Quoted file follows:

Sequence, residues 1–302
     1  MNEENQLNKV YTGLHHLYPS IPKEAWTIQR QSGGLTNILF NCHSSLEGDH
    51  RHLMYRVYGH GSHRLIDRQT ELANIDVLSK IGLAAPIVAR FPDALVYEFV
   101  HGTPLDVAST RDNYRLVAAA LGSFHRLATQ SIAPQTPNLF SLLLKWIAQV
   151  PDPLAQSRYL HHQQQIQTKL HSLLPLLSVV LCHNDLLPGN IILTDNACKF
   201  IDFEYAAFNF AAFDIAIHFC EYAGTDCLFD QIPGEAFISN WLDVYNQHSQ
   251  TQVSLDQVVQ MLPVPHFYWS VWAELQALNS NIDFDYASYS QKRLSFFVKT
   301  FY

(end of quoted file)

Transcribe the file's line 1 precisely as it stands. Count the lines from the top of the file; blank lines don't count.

Sequence, residues 1–302